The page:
Geek. Pirate. Mom

The Life and Times of Whitney Drake

Food and Family. My mom and me.

Dear Mom,

You’ve given me so much over the years, and especially since I left home, I’ve come to appreciate just how much of my being I can attribute to the way you’ve raised me. This is just a small token of appreciation for one of the many gifts you’ve given me.

-W

The lemon tart to the right was made by my mom for Christmas (obviously). I’m sharing my horrible picture of it because it was a great example of how brilliant she is in the kitchen- she combined a few recipes on the spot to make this, and you’d never know. It was so good!



I love food. If you didn’t know that, you’ve probably just stumbled across this blog. I pick vacations not just for the experience, but where to eat. I go to Vegas yearly, and it isn’t for the gambling. I stopped going to concerts, and started splurging on nice restaurants.

This is something I got from my parents, who also both love to eat. But mostly, this is something I learned from my mom. The more I look at my current view of food, the more I realize that I got here because of her.

I suppose you could have called me a foodie even as a child, looking back . I was passionate about the foods I ate. The only way to make a good tuna salad was with whole albacore that was packed in water (never in oil), Best Foods Mayo, dill pickle chips (preferably Arnold’s from Arizona) and seasoned with a touch of salt, lots of garlic powder and white pepper. I believed, and still do, that it’s the white pepper and the quality of the pickle that sets my tuna apart from everyone else’s. And I learned this recipe from my mom. (I also learned that you never use Miracle Whip or sweet pickles. That’s tuna sacrilege.) I could also spend an hour explaining why certain potato chips were better than others- and I’m pretty sure I did.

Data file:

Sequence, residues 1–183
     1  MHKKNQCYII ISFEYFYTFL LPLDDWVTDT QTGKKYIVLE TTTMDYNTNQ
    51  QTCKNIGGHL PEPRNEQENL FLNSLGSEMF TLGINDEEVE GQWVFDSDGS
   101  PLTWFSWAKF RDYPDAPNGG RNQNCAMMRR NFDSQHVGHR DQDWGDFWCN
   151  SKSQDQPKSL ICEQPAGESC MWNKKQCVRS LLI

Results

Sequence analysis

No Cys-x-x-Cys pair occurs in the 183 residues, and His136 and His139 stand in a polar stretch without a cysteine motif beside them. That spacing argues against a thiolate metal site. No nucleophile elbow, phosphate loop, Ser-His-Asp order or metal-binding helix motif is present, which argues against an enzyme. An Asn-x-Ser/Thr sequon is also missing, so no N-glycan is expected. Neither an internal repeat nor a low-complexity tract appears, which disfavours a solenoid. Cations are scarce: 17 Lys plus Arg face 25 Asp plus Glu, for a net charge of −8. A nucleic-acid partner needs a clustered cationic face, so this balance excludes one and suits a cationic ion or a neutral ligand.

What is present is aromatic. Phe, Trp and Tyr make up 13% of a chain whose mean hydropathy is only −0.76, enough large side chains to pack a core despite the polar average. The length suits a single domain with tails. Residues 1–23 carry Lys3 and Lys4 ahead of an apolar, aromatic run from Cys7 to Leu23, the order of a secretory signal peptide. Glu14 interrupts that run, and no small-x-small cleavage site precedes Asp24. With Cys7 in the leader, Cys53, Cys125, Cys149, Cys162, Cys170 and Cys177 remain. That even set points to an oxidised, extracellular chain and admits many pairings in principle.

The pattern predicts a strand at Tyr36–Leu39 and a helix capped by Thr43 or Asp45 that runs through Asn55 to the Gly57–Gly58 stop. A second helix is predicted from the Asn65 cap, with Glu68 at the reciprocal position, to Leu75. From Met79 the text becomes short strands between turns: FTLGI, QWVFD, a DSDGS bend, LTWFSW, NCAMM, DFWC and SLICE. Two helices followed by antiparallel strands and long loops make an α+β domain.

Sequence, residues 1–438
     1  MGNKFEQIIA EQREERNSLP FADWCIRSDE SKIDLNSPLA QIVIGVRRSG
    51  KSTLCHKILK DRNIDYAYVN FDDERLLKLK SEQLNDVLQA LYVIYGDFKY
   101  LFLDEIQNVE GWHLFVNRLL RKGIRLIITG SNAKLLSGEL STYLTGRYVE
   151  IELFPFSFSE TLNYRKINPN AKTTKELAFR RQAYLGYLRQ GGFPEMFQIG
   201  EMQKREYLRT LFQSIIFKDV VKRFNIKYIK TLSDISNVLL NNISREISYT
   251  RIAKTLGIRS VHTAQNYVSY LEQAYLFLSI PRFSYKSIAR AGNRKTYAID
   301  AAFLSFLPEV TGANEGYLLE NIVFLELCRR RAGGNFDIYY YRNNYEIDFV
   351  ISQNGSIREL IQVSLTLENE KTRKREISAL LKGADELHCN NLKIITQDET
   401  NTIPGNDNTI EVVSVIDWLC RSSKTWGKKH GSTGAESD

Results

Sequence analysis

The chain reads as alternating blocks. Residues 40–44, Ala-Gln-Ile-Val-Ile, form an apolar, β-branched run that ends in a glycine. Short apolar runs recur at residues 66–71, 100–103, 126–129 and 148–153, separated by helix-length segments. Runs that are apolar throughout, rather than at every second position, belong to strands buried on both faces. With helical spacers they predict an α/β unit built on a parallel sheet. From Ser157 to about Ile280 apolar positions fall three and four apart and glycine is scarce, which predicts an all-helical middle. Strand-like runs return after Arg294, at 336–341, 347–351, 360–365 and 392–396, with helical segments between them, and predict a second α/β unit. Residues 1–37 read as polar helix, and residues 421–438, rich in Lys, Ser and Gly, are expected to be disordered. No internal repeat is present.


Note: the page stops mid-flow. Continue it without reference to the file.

But I’m getting ahead of myself.

As a kid, I would come home from school and start working on my homework in the dining room. Up until I was in middle school, I did my homework at the dining room table, so that my mom could help me if I needed it. (After that, it wasn’t so much that I didn’t need my mom’s help, but I could work on my own) It meant that more often than not, I had a front row seat for watching my mom make meals.

The layout of our kitchen was a half moon shape (as is her current kitchen, now that I think about it) – with one long countertop interrupted by a stove in the middle. The pantry and fridge were to one side, the sink was on the other.

She’s a graceful woman. She took ballet as a girl, and you can see it still in the way she carries herself. There she’d be, moving back and forth through the kitchen, preparing dinner. She’d chop and shift, go to the pantry to get ingredients. It was always fun to watch.

We were heavily involved in the menus. She asked us what we wanted to eat when we all went to the grocery store together. If it was something we wanted in our lunches, it was something that we had to tell her to get. She had strict rules about what we could and couldn’t eat. Candy wasn’t something that we regularly ate, but it wasn’t uncommon for us to have ice cream in our freezer- for those special occasions. During long power outages, it was the first thing she broke from our fridge. We knew it wouldn’t really melt before the power came back, but it was always that soothing touch needed to take away the fear of not knowing how long we’d be without power.